The availability of donors for transplantation of human β-cells as a form of treatment for type II diabetes is limited. Introduction of differentiated human bone marrow-derived mesenchymal stem cells (MSCs) would allow transplantation of an autologous source of β-cells. This would alleviate the limitations of availability and/or allogenic rejection following pancreatic or islet transplantation.Materials and methods
Bone marrow cells were obtained from three adult type II diabetic volunteers and three nondiabetic donors. After 3 days in culture, adherent MSCs were expanded for two passages. At passage 3, differentiation was carried out in a three-staged procedure. Cells were cultured in a glucose-rich medium containing activation and growth factors including B27, betacellulin, activin A, and nicotinamde. These cells were evaluated for endocrine characteristics by flow cytometry and morphology. Differentiated cells were transplanted under the kidney capsule of diabetic nude mice and their diabetic status was tested by oral glucose tolerance tests.Results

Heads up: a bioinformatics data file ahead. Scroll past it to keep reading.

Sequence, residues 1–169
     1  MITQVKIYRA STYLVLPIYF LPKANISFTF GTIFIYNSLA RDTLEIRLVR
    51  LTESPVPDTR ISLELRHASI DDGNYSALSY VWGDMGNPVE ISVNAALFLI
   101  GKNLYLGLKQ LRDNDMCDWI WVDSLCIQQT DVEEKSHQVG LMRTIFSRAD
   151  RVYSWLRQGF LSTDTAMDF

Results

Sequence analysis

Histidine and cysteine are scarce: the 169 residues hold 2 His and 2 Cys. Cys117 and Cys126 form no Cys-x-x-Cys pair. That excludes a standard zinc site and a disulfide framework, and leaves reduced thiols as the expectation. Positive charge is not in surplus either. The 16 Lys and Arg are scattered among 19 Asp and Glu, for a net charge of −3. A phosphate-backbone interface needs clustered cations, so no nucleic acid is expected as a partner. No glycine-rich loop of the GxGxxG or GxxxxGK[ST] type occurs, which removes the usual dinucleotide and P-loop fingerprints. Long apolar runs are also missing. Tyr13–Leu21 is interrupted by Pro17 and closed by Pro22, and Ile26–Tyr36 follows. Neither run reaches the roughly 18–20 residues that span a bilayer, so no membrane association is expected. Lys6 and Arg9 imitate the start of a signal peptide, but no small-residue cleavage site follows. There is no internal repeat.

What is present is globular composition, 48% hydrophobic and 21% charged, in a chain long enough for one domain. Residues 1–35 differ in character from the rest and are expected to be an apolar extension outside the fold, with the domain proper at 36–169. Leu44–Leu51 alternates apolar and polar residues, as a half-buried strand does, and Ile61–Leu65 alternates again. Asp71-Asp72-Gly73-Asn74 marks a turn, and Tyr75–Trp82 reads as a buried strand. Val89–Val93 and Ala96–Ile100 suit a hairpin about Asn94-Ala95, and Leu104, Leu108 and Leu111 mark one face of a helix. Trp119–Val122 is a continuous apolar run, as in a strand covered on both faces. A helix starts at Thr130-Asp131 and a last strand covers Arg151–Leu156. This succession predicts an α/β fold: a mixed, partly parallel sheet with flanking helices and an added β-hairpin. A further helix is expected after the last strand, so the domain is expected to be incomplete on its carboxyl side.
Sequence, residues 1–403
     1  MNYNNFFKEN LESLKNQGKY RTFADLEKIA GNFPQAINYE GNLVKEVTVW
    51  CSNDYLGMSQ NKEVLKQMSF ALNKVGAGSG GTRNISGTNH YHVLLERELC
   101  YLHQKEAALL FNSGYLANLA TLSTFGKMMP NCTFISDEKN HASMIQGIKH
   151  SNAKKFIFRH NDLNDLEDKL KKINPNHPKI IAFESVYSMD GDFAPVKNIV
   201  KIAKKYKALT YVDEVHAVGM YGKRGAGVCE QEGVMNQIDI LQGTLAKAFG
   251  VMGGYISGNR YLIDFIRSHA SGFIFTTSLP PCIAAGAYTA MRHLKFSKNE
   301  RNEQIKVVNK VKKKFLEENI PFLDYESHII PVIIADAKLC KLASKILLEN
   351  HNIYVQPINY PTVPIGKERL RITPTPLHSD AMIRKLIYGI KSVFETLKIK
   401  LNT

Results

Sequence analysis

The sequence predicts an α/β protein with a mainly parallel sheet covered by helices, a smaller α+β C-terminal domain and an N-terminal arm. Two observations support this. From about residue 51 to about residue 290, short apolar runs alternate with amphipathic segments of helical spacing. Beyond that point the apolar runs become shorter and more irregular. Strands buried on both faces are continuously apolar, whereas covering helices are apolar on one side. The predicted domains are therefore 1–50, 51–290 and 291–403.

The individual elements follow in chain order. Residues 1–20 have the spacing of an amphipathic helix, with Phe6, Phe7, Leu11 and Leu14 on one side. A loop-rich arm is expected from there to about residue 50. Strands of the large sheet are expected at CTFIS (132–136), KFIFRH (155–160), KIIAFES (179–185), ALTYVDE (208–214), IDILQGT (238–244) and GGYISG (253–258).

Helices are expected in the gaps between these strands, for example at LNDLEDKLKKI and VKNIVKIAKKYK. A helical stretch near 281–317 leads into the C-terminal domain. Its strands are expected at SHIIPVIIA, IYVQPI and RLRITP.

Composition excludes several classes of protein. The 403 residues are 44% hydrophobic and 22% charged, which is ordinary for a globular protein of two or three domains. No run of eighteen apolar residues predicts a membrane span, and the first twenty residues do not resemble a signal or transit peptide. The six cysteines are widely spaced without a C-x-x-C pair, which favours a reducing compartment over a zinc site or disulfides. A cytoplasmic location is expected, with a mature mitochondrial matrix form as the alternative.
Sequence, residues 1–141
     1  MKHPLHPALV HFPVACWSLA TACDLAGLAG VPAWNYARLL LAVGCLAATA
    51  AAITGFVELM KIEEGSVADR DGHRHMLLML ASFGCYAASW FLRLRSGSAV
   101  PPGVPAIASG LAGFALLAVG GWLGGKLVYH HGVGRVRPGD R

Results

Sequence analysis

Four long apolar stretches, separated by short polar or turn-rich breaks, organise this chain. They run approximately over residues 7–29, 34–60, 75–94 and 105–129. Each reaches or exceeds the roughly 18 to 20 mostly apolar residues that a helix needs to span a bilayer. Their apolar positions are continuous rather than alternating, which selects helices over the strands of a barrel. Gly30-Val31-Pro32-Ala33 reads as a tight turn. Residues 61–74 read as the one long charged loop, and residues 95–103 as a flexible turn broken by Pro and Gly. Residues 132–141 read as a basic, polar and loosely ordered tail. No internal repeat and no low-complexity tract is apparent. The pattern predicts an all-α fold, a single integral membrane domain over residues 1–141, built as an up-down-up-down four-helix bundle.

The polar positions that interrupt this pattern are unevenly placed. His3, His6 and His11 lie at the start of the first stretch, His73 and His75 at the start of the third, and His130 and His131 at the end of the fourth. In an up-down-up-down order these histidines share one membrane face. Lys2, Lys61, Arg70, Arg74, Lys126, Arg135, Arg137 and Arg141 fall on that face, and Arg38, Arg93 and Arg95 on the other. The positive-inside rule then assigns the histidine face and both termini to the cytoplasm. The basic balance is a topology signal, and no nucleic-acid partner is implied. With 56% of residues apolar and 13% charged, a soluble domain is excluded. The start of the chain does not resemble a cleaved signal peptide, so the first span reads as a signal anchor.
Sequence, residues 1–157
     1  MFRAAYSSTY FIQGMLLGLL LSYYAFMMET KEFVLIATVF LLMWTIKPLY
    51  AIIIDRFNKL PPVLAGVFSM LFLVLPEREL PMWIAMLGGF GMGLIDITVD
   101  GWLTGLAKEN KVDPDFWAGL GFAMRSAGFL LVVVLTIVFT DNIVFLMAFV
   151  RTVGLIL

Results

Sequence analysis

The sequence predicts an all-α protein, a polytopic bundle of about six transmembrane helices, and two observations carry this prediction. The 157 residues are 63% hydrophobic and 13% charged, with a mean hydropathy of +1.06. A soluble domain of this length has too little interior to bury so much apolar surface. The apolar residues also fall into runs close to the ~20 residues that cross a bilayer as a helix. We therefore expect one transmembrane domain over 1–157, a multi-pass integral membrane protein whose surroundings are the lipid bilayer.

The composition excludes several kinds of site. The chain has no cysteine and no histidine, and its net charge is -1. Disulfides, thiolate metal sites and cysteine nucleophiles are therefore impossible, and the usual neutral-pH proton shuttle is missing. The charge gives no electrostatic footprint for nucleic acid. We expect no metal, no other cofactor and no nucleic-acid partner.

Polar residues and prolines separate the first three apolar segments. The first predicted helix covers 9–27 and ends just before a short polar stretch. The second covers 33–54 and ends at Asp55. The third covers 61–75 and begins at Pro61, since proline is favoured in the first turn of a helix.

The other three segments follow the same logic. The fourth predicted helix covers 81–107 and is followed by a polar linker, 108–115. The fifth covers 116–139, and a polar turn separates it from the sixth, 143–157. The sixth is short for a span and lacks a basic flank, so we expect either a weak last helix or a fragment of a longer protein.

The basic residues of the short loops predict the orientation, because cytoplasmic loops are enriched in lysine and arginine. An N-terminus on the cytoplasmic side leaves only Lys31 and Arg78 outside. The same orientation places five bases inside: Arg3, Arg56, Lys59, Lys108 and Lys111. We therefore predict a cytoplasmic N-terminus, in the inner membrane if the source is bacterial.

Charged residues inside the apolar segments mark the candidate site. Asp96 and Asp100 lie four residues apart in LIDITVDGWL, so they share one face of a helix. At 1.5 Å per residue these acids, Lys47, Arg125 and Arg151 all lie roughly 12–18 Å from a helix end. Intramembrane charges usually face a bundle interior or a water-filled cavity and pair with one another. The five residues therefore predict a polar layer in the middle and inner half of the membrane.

Following differentiation, cells expressed the hormones insulin, glucagon, and somatostatin. No differences in cell characteristics were noted between diabetic and nondiabetic donors. Hormones were detectable by immunomicroscopy in some cells. Transplantation into diabetic mice resulted in secretion of human insulin, near-normalization of glucose levels, and improvements in glucose intolerance. When the MSC-bearing kidneys were removed, rapid return of diabetic state was noted. Histology of the removed kidneys identified insulin-positive cells in the graft.Conclusion
Human MSCs from diabetic and nondiabetic donors can be differentiated in vitro to form insulin-producing cells that can restore normoglycemia in diabetic mice. This source of material for autologous transplantation offers new opportunities for the treatment of diabetes.